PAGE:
Mixed
Methods research is a combination of qualitive and quantitative data that are
used for a broader understanding of a study. This allows qualitive data to be
supported by quantitative data and to help better explain the research topic. Justifying
the diverse types of research allows for a stronger hypothesis and a more
accurate conclusion. The strengths and weaknesses of the different types of research
methods rely mainly on the type of study you are trying to focus on. Qualitative
and quantitative data can go hand in hand a lot of the times. “During data
analysis, qualitative data can assist with interpreting, clarifying,
describing, and validating quantitative results” (Doorenbos, 2014). Quantitative
data can be used to support qualitative data by providing the numerical evidence
in various forms. This can especially be helpful when trying to decide which
type of population would be the most beneficial for a qualitative study. When new
technology arises, and is not yet well understood, mixed method research can be
of great benefit to help better interpret the new concept. Mixed methods also
have some weaknesses compared to a single study, being that they are more time
consuming can sometimes lead to unequal evidence, and can be hard to interpret the
many different findings. Mixed methods research can sometimes be more difficult
to comprehend rather than a single method (Wisdom, Cavaleri, Onwuegbuzie &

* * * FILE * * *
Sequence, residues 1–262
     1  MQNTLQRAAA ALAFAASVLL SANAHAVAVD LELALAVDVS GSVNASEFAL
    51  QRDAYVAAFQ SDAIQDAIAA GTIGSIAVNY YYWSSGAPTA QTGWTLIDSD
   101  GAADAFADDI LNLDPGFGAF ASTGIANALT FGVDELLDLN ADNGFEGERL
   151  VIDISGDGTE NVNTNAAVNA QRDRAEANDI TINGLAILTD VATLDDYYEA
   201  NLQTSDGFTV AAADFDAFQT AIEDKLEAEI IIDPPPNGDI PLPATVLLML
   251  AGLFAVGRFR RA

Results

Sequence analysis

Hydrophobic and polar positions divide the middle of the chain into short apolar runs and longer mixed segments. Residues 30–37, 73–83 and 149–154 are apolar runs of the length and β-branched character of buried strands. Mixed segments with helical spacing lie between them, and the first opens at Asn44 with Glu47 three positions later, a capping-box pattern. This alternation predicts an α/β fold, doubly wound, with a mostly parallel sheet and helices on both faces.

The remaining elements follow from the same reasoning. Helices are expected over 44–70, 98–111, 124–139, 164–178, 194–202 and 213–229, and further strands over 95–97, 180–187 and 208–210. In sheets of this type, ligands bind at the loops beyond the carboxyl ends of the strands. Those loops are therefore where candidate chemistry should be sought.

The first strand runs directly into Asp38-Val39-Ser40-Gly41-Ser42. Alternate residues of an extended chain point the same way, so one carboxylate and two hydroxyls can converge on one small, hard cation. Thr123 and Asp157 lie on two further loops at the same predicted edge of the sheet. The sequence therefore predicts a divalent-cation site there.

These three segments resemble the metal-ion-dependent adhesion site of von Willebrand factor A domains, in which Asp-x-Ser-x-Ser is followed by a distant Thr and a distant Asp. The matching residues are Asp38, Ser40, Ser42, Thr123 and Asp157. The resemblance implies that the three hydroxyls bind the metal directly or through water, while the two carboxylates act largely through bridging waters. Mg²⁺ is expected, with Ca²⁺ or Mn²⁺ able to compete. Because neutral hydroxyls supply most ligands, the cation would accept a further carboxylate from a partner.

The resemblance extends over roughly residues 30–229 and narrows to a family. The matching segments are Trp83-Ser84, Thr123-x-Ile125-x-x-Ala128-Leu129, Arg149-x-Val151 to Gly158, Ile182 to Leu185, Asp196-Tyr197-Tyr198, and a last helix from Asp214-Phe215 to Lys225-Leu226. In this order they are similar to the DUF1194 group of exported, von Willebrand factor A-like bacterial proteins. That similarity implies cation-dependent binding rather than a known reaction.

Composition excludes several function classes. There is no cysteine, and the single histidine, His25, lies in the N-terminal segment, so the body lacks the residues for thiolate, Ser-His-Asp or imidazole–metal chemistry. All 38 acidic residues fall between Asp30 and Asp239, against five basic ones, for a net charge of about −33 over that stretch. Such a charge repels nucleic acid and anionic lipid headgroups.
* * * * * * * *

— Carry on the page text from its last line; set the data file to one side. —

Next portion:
Green, 2012)

Communication
in the healthcare setting is by far one of the most controversy topics that happen
every shift.  “Although teamwork is cited
as an essential component of both communication and a safety-oriented culture,
effective teamwork is often absent in healthcare settings and requires
cultivation. According to TJC, communication is one of the leading causes of
patient sentinel events” (Gaston, Short, Ralyea, & Casterline, 2016). The
article, Promoting Patient Safety: Results of a TeamSTEPPS Initiative, used a mixed
methods research approach to conduct this study. The study benefitted from this
approach because it allowed quantitative data to support the evidence from the questionnaire’s.
The quantitative results from the questionnaires are more convincing when
others can see the percentages behind the research to hopefully make change for
the future.

We Will Write a Custom Essay Specifically
For You For Only $13.90/page!


order now

References:

Doorenbos,
A. Z. (2014). Mixed Methods in Nursing Research: An Overview and Practical
Examples. HHS Author Manuscripts, 47(3), 207-217. Retrieved January 12, 2018,
from https://www.ncbi.nlm.nih.gov/pmc/articles/PMC4287271/.

Gaston,
T., Short, N., Ralyea, C., & Casterline, G. (2016). Promoting Patient
Safety: Results of a TeamSTEPPS Initiative. The Journal of Nursing
Administration, 46(4), 201-207. doi:10.1097/NNA.0000000000000333.

Henriksen,
K. (2008). Advances in patient safety: new directions and alternative
approaches (Vol. 3). Rockville, MD: Agency for Healthcare Research and Quality.

Wisdom, J.
P., Cavaleri, M. A., Onwuegbuzie, A. J., & Green, C. A. (2012).
Methodological Reporting in Qualitative, Quantitative, and Mixed Methods Health
Services Research Articles. Health Services Research, 42(2). Retrieved from https://www.ncbi.nlm.nih.gov/pmc/articles/PMC3419885/.

 

Author